Mitchell shows no fear of unions

WHILE both new Master Builders Association president John Mitchell and prominent builder Len Buckeridge share similar ideals, one has become a household name while the other has remained relatively obscure.

That is not to say Mr Mitchell’s methods of getting the job done are very different.

He, like Mr Buckeridge, will not back away from a showdown with the Construction, Forestry, Mining and Energy Union.

Both men are of similar vintage and have stood against the building unions, particularly during the militant years of the 1970s.

The close friends still offer to help each other out when they consider the unions have stepped over the boundary.

It is not that Mr Mitchell dislikes the CFMEU, it is more that he believes the tactics it employs are unreasonable. He does not stand for work disruptions on his sites.

Mr Mitchell is proud of his success in his dealings with unions.

“I’ve always fought against the unions and won,” Mr Mitchell said.

He said the tide began to turn about five years ago.

“People started to realise they had had enough of the unions,” Mr Mitchell said.

Universal Constructions, which has been in the Mitchell family since its inception by the late McKenzie Mitchell, was the first construction company operating in the CBD that stood up to the unions.

Under Mr Mitchell’s direction, Universal has moved from a company with an annual turnover of $500,000 to more than $30 million today.

However, it was his father who set the stamp on the construction firm and the family’s role in shaping the WA building industry.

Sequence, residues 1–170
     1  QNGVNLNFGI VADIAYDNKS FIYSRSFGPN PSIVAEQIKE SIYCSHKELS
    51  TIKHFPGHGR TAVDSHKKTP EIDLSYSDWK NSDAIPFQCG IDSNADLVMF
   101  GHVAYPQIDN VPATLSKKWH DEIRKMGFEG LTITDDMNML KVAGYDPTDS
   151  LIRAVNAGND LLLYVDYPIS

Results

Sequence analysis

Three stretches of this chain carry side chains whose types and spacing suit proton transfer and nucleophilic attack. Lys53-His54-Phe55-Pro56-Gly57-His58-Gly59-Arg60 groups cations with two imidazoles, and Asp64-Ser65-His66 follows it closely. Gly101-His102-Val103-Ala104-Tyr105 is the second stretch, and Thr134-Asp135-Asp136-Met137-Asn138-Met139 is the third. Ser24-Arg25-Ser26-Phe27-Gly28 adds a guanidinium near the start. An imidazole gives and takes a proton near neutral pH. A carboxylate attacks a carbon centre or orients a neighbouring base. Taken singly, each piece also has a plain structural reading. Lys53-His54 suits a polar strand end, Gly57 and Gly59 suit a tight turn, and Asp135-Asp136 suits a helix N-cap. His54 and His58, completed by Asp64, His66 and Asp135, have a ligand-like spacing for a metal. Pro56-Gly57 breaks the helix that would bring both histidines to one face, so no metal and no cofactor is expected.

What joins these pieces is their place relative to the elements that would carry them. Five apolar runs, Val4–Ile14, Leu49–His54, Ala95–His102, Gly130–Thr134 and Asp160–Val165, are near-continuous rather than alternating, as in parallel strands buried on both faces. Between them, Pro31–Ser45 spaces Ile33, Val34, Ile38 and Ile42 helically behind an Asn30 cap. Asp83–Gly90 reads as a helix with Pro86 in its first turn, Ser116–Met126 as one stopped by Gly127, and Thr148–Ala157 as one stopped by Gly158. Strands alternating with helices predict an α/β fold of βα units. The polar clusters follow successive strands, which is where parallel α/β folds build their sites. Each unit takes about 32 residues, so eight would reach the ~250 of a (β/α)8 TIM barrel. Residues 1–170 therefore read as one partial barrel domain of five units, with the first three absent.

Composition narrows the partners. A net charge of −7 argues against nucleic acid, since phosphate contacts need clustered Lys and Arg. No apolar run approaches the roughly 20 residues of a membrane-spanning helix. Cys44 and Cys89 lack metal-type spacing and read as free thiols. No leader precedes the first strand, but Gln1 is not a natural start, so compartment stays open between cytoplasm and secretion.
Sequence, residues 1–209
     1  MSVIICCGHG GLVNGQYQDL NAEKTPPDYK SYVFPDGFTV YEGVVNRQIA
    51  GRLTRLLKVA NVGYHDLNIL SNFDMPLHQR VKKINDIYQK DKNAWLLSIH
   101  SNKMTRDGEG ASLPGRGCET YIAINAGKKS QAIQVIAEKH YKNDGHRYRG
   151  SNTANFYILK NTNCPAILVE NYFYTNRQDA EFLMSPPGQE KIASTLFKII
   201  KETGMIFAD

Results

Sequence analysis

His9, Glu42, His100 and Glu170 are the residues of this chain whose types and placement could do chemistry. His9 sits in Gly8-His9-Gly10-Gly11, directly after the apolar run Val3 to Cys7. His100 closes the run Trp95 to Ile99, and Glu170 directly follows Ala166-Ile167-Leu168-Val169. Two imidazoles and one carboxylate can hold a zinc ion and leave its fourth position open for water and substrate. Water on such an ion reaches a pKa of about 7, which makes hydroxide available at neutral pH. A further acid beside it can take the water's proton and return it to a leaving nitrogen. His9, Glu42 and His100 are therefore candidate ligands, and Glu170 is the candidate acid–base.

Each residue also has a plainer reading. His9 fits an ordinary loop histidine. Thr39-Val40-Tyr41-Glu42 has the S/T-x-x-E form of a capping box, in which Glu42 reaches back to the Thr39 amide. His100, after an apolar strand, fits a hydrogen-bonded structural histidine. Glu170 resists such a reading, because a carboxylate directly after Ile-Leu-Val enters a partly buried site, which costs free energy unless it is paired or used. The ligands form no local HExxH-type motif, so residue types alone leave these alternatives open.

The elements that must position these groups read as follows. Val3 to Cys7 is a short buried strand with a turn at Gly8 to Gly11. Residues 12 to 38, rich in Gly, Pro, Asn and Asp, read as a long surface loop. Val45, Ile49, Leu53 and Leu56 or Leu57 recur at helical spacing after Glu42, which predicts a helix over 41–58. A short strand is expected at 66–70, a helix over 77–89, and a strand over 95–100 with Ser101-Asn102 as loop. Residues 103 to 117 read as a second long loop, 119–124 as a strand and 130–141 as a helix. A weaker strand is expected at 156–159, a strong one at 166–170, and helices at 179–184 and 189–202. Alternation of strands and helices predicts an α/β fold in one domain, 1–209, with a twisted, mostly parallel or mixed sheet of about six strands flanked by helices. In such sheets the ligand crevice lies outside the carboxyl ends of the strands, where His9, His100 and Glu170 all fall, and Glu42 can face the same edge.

After completing his leaving at the old Hale School in West Perth, his father taught Mr Mitchell everything there was to know about building.

This was in the days when a builder did everything from bricklaying and electrical to plumbing work, he explained.

Mr Mitchell said, while the role of builders had changed to more coordination and facilitation, his basic training had held him in good stead.

“You must also make sure you have strong staff that will stand up to the unions – and never have shop stewards on your workforce.”

Mr Mitchell said ensuring control of the business also meant restricting the size of the company.

“I only want a certain turnover each year so I can keep control of the business,” he said.

Communication skills are also a must to be successful, he said.

There is no talk of retiring for the sixty-three year old.

Like Mr Buckeridge, he has no family successor to take over the business, so what will happen when Mr Mitchell does decide to call it a day is anyone’s guess.

Mr Mitchell prefers to live in the present.

“There is no doubt that it is a stressful business but it gets into your blood. If a builder leaves the industry they would be dying to get back into it,” he said.

In his role as MBA president, Mr Mitchell sees his greatest challenge as being the education of its members towards the new tax laws, in particular the GST.

In the longer term, Mr Mitchell believes the GST will not be a bad thing for the industry. However, an immediate problem is in finding enough workers to fill the demand induced by the impending GST.

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